logo
g Text Version
Beauty & Self
Books & Music
Career
Computers
Education
Family
Food & Wine
Health & Fitness
Hobbies & Crafts
Home & Garden
Money
News & Politics
Relationships
Religion & Spirituality
Sports
Travel & Culture
TV & Movies

dailyclick
Bored? Games!
Nutrition
Postcards
Take a Quiz
Rate My Photo

new
Folklore and Mythology
Baptist
Florida
Cosmetics
Distance Learning
Reading
Crochet


dailyclick
All times in EST

Full Schedule
g
g Folklore and Mythology Site

BellaOnline's Folklore and Mythology Editor

g

Folklore - Ballads


Folklore is a broad subject that encompasses a variety of subjects. Ballads are one of those subjects. Defining a ballad is rather easy - a ballad is a traditional oral story that has been turned into a song.

In American society today, we depend on the written word and historical texts to provide us with cultural context and help us remember stories.

Societies that operated orally used different techniques in order to pass their knowledge and their stories down to future generations. While storytelling was a favored pastime, ballads took storytelling a step further.

Ballads not only set stories to songs but also those songs would accompany traditional dances. The pairing of story, song, and dance created a folk tradition that allowed the memory of a story to last for generations without any need to ever set pen to paper.

The word ballad comes from the Latin ballare, which means “to dance.” The traditional songs accompanied stories about Kings, princes, royalty, political figures, and heroes. The ballads may have been about past heroes but were often focused on the current day.

Ballads often depicted common people who found themselves faced by complex and difficult situations with no easy answers. The decisions the people made elevated their status to that of hero or diminished their status to that of vagabond or outlaw. Even when branded an outlaw, people featured in ballads grew in fame - or infamy.

The ballad tradition began with the wandering minstrels of the Middle Ages. The minstrels would wander from town to town, collecting stories of heroes and outlaws, religious tales, legends, and supernatural happenings that they would then refasten into ballads. As they traveled, they would often trade one ballad for another, and many versions of the same story would end up in circulation.

When the 16th century rolled around, the printing press was introduced. At its introduction, minstrels switched from mastering the ballad form of storytelling and started relying on print instead. Once newspapers began circulating news, the art of ballads slowly started to die out.

In order to preserve the dying art of the folk ballad, scholars in the 17th and 18th centuries began to collect the stories and write them down for future generations. The printing press changed the way we understand the past, and it changed the way we remember the stories of our ancestors and of everyday occurrences.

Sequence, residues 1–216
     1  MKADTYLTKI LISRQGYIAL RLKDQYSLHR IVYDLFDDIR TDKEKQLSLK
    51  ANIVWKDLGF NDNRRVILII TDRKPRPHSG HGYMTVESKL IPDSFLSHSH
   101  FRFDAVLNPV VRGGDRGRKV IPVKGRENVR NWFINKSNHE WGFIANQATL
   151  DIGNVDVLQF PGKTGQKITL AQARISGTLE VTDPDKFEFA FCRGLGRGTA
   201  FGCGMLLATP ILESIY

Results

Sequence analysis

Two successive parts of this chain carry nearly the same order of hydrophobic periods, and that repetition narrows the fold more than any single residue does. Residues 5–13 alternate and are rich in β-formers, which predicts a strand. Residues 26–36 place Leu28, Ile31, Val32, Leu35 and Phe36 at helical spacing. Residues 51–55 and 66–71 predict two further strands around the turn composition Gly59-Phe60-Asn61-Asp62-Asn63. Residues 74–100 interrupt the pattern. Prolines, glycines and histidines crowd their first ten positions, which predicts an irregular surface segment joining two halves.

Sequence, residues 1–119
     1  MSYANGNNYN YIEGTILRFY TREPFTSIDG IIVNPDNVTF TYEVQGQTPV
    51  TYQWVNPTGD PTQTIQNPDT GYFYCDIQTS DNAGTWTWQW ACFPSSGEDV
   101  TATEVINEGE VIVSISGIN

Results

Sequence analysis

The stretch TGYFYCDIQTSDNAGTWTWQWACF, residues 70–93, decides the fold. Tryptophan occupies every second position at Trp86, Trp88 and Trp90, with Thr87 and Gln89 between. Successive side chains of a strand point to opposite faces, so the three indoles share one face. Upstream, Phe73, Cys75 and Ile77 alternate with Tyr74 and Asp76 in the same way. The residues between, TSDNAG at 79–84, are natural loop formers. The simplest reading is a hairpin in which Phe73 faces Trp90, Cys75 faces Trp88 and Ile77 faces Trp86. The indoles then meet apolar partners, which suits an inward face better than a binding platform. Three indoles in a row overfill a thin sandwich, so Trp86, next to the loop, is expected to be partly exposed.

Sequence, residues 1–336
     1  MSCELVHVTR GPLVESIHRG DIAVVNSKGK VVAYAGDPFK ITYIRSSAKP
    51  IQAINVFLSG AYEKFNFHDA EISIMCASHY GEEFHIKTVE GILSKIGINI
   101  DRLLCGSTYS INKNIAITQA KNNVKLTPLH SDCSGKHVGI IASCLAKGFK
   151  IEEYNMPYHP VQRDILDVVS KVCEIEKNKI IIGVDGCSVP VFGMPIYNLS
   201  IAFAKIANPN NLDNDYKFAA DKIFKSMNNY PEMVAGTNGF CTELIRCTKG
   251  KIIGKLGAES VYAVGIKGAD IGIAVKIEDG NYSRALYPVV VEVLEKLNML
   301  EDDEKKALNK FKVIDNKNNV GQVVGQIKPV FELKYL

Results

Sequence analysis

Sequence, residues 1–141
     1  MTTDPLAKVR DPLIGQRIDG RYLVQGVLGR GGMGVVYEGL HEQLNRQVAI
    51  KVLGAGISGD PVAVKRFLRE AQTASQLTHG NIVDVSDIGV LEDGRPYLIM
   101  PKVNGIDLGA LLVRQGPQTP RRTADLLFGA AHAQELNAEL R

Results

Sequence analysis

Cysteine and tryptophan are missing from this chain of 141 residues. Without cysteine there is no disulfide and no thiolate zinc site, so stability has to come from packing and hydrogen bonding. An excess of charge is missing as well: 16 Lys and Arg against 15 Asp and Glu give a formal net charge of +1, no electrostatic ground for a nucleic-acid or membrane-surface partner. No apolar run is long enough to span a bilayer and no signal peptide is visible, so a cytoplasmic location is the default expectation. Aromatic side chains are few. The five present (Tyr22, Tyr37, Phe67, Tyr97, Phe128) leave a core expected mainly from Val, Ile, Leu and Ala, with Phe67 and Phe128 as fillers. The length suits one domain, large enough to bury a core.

But ballads aren't entirely lost to us. There are folk ballads that still thrive in the mountain regions of North Carolina. The ballad of Tom Dooley, a man from Wilkes County who murdered his wife, is an example of a folk ballad where things go awry.

In addition to folk ballads, we also have metal power ballads. One of the most iconic is Aerosmith's “Dream On.” As for which song was the first power metal ballad and which metal band was the first to sing one, that is a heavily debated topic today.

Other popular metal power ballads include Metallica's “Turn the Page,” Led Zeppelin’s “Thank You,” and Alice Cooper’s “Only Women Bleed.”

Whether we're referring to folk ballads or power ballads, one thing remains the same - both types of ballads tell powerful stories. And those stories live on in our memories, as all good stories do.
Add Folklore+%2D+Ballads to Twitter Add Folklore+%2D+Ballads to Facebook Add Folklore+%2D+Ballads to MySpace Add Folklore+%2D+Ballads to Del.icio.us Digg Folklore+%2D+Ballads Add Folklore+%2D+Ballads to Yahoo My Web Add Folklore+%2D+Ballads to Google Bookmarks Add Folklore+%2D+Ballads to Stumbleupon Add Folklore+%2D+Ballads to Reddit




RSS | Related Articles | Editor's Picks Articles | Top Ten Articles | Previous Features | Site Map


For FREE email updates, subscribe to the Folklore and Mythology Newsletter


Past Issues


print
Printer Friendly
bookmark
Bookmark
tell friend
Tell a Friend
forum
Forum
email
Email Editor


Content copyright © 2015 by Ky Greene. All rights reserved.
This content was written by Ky Greene. If you wish to use this content in any manner, you need written permission. Contact Ky Greene for details.

g


g features
The Curse of the Seven Children

Folk Dances in the United States

The Jersey Devil

Archives | Site Map

forum
Forum
email
Contact

Past Issues
memberscenter


vote
Poetry
Daily
Weekly
Monthly
Less than Monthly



BellaOnline on Facebook
g


| About BellaOnline | Privacy Policy | Advertising | Become an Editor |
Website copyright © 2016 Minerva WebWorks LLC. All rights reserved.


BellaOnline Editor